On sample eciency in artifical and biological agents
Author(s)Prinster, Ryan(Ryan T.)
Massachusetts Institute of Technology. Department of Electrical Engineering and Computer Science.
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Many of the predominant learning paradigms in modern machine learning techniques are inspired by biology. Deep networks are inspired by the neurons in the brain, and reinforcement learning was originally inspired by operant conditioning in cognitive science. However, there are still signicant gaps between artifical and biological models of intelligence. One notable difference is sample eciency - animals, in particular humans, are able to understand concepts and solve tasks with only a few demonstrations, whereas artifical agents take millions of examples and make just as many mistakes. This paper aims to quantify the raw difference in sample efficiency, accounting for the signicant priors held by biological agents. We do this by designing a suite of tasks that must be solved by both agents, in which each task requires a significantly dierent aspect of general intelligence to be solved. We train artifical and biological agents on said tasks after initial learning stages to control for significant priors, and finally examine and compare the quality and efficiency of learning in these tasks, such that we might understand the relationship between the sample eciency of biological and artifical agents in general learning environments.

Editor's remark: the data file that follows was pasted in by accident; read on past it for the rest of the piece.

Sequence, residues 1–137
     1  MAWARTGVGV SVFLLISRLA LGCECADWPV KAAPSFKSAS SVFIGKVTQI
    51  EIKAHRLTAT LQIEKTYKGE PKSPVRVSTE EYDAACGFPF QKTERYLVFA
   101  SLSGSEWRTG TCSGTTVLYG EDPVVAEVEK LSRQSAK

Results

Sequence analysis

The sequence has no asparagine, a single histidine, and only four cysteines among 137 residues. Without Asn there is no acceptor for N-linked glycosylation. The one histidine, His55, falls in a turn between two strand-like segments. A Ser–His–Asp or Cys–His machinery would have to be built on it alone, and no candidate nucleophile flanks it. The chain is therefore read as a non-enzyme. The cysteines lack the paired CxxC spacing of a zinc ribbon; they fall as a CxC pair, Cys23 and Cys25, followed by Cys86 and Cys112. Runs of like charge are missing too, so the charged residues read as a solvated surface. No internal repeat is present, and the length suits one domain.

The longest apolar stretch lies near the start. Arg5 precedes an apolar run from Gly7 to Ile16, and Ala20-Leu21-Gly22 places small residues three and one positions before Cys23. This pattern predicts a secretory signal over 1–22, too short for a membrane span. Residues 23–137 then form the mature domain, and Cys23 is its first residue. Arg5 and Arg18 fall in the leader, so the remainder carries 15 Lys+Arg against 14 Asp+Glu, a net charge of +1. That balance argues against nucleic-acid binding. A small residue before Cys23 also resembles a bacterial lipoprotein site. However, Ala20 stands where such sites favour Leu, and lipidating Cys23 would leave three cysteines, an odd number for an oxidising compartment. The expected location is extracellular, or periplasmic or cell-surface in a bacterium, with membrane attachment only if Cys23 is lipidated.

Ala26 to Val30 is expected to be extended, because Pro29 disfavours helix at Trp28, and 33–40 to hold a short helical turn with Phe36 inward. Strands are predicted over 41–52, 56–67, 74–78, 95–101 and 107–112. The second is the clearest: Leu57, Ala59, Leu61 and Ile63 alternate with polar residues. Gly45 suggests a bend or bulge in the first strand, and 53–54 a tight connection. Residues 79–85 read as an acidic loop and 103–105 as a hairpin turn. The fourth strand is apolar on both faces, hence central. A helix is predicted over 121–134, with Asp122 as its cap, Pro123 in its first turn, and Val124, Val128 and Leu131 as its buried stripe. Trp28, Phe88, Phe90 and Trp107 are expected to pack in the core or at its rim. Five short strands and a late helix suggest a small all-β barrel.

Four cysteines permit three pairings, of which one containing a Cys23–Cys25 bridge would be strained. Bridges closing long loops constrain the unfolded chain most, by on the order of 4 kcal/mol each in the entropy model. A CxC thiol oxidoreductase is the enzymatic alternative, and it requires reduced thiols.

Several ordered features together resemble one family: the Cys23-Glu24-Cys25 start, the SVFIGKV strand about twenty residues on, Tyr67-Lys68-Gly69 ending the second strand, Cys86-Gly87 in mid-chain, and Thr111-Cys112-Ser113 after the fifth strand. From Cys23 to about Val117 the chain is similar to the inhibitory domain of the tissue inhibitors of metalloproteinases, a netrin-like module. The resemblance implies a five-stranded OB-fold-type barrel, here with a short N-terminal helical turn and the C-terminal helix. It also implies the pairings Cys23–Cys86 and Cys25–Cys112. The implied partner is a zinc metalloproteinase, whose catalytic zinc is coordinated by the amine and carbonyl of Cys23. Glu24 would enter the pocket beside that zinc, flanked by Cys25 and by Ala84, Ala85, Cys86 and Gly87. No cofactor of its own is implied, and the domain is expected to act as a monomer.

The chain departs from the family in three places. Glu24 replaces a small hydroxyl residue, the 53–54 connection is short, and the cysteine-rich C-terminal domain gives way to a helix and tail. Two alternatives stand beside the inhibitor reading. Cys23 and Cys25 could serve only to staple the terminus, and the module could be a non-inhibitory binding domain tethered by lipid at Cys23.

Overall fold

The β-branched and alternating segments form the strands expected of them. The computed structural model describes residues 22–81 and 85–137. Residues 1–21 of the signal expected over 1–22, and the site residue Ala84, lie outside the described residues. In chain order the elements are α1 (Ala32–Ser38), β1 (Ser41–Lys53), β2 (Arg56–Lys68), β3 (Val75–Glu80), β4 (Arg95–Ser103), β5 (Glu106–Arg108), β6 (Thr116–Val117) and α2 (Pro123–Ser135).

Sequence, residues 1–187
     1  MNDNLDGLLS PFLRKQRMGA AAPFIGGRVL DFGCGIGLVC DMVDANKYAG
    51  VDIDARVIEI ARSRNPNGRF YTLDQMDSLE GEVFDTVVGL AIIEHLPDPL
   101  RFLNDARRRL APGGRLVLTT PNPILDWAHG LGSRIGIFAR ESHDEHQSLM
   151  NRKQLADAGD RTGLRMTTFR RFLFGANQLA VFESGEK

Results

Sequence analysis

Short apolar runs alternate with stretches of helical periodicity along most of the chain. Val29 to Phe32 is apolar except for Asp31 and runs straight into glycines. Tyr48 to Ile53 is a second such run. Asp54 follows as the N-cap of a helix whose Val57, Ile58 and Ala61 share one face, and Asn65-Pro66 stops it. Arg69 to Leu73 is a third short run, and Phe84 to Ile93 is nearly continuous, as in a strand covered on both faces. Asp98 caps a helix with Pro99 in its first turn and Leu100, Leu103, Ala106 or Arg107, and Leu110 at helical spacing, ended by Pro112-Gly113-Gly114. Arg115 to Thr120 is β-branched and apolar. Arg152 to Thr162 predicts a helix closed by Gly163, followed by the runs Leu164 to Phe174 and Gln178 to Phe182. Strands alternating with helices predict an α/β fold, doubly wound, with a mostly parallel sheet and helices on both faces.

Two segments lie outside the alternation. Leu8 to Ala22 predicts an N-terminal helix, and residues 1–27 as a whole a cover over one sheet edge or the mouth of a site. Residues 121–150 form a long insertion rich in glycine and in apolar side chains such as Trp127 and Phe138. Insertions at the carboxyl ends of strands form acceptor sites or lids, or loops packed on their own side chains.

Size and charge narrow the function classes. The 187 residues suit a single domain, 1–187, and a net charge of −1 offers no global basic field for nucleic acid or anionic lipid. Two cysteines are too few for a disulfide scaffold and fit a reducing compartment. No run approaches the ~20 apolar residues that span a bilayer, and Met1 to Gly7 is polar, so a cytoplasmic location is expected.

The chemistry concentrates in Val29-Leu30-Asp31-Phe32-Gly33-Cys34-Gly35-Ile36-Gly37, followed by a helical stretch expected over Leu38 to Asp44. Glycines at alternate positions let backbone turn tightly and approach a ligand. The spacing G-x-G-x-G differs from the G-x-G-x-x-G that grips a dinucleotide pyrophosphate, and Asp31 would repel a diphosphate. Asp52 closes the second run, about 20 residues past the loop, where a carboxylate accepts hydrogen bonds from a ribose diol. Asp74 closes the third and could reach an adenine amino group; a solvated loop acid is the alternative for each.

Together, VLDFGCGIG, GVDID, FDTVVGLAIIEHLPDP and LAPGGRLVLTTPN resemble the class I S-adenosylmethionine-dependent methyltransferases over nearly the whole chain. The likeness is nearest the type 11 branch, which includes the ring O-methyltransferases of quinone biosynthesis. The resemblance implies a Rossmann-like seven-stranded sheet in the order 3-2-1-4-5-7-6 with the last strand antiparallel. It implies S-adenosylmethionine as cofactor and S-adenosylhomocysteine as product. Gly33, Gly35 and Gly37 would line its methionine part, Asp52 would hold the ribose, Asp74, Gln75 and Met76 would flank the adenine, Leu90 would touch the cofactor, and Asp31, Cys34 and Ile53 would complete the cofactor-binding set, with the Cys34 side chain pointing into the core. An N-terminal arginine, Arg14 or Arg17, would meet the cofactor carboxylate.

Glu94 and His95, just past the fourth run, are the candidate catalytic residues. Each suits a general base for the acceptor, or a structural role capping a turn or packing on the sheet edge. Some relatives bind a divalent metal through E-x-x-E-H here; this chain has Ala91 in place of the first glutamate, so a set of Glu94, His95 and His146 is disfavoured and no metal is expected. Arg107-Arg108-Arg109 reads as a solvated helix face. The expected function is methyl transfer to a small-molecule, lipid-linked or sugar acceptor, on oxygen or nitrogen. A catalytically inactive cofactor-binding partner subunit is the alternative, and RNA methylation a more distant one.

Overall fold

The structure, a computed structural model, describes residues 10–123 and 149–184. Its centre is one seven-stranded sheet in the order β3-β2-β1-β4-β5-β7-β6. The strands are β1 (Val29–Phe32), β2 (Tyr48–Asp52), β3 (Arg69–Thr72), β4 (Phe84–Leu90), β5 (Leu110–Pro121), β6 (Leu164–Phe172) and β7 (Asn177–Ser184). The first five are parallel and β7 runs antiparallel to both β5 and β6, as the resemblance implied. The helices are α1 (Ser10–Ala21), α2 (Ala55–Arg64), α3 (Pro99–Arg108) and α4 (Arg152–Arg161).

This electronic version was submitted by the student author. The certified thesis is available in the Institute Archives and Special Collections.Thesis: M. Eng., Massachusetts Institute of Technology, Department of Electrical Engineering and Computer Science, September, 2019Cataloged from student-submitted PDF of thesis.Includes bibliographical references (pages 67-69).
DepartmentMassachusetts Institute of Technology. Department of Electrical Engineering and Computer Science
Massachusetts Institute of Technology
Electrical Engineering and Computer Science.